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Numerous substances, such as metals, metal oxides, carbon modifications and pigments, can contain nanoscale structures.
When further processed, they can enhance the properties of existing materials, making them for instance more scratch proof or deeper in colour. Nanothechology thus helps us develop more sophisticated and effective products. Engineered nanomaterials can be put to use in a wide range of fields: medicine, energy systems, environmental protection, data storage, chemicals, foodstuffs, consumer goods and many others. Nanotechnology is a veritable cross-border technology that promises improvements in numerous areas of daily life.
Better risk assessment through research
But there is another side to the coin. Along with their huge potential, nanomaterials can also pose risks that should not be taken lightly. Despite rapid progress in the development of nanomaterials and the increasing number of nano-based products, we are only beginning to understand the effects of exposure on humans and the environment. NRP 64 intends to fill this gap by
• gaining insights into engineered nanomaterials, their development, use, behaviour and risks;
• developing methods and tools to monitor the behaviour of nanomaterials and their potential effects on humans and the environment;
• developing tools to maximise the advantages of nanomaterials and minimise the risks for humans and the environment;
• supporting the development and application of safe and effective technologies based on nanomaterials;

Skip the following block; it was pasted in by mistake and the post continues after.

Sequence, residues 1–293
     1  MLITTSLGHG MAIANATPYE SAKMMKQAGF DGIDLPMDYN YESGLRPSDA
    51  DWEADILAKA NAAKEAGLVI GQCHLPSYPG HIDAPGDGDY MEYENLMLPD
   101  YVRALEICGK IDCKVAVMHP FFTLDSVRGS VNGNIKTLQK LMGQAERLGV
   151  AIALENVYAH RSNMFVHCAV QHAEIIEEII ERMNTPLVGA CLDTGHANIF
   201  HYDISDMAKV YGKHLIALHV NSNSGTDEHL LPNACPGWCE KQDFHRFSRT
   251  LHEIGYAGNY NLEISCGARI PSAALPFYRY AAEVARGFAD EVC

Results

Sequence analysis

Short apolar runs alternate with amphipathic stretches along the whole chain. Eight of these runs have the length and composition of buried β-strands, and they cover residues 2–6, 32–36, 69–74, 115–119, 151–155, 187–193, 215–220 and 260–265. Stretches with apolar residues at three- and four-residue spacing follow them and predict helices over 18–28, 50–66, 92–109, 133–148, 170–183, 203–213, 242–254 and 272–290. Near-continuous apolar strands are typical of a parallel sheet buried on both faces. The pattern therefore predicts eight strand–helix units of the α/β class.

• providing decision-makers, manufacturers, distributors and consumers with facts on which regulations and processing methods could be based;
• enhancing and underpinning specialist knowledge and competencies for developing innovative nanomaterials and assessing risk in Switzerland.
NRP 64 consists of 18 projects divided into three modules. One module deals with medical applications, a second with the ecological effects of nanomaterials, and a third with the development and use of innovative nanomaterials in other domains, such as construction. All of the projects consider not only the opportunities, but also the risks of the nanomaterials they study.
Notes for editors
Simultaneous kick-off in different institutions
The research groups participating in NRP 64 are based at different academic institutions: Empa (3 projects), Eawag (4 projects), EPFL (2 projects), the universities of Berne (3 projects), Lausanne (1 project), Fribourg (1 project) and Zurich (2 projects), the Agroscope Reckenholz-Tänikon ART (1 project) and the RMS Foundation (1 project). NRP 64 has been allocated a budget of 12 million Swiss francs. Research work was initiated in 2011 and will continue until end of 2015. If you are interested in receiving progress updates for the different projects, please sign up for the electronic newsletter at www.nrp64.ch.
You can also download the programme portrait of NRP 64 from the NRP 64 website, or ask the SNSF to send you a copy.
For more information, please click here
+41 (0)31 3082222
Prof. em. Peter Gehr (President of the Steering Committee of NRP 64)
Institute of Anatomy
Faculty of Medicine
University of Berne
CH-3000 Berne 9
Tel.: +41 (0)31 631 48 79
Mark Bächer (Head of Knowledge Transfer)
Life Science Communication AG
Obere Wiltisgasse 48
Tel.: +41 (0)43 266 88 50
Mobile: +41 (0)78 601 56 08
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